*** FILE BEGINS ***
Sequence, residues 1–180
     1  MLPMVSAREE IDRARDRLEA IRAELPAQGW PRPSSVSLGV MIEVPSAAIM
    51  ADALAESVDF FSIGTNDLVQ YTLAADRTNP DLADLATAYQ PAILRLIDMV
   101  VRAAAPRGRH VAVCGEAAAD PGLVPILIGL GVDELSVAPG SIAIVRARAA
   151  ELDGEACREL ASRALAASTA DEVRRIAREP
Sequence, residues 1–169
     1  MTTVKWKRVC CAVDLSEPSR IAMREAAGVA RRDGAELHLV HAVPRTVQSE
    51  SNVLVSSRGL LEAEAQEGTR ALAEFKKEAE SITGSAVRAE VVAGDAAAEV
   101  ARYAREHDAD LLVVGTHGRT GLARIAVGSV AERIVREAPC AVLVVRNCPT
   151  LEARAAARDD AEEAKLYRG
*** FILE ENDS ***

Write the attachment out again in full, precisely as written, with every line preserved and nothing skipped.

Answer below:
Sequence, residues 1–180
     1  MLPMVSAREE IDRARDRLEA IRAELPAQGW PRPSSVSLGV MIEVPSAAIM
    51  ADALAESVDF FSIGTNDLVQ YTLAADRTNP DLADLATAYQ PAILRLIDMV
   101  VRAAAPRGRH VAVCGEAAAD PGLVPILIGL GVDELSVAPG SIAIVRARAA
   151  ELDGEACREL ASRALAASTA DEVRRIAREP
Sequence, residues 1–169
     1  MTTVKWKRVC CAVDLSEPSR IAMREAAGVA RRDGAELHLV HAVPRTVQSE
    51  SNVLVSSRGL LEAEAQEGTR ALAEFKKEAE SITGSAVRAE VVAGDAAAEV
   101  ARYAREHDAD LLVVGTHGRT GLARIAVGSV AERIVREAPC AVLVVRNCPT
   151  LEARAAARDD AEEAKLYRG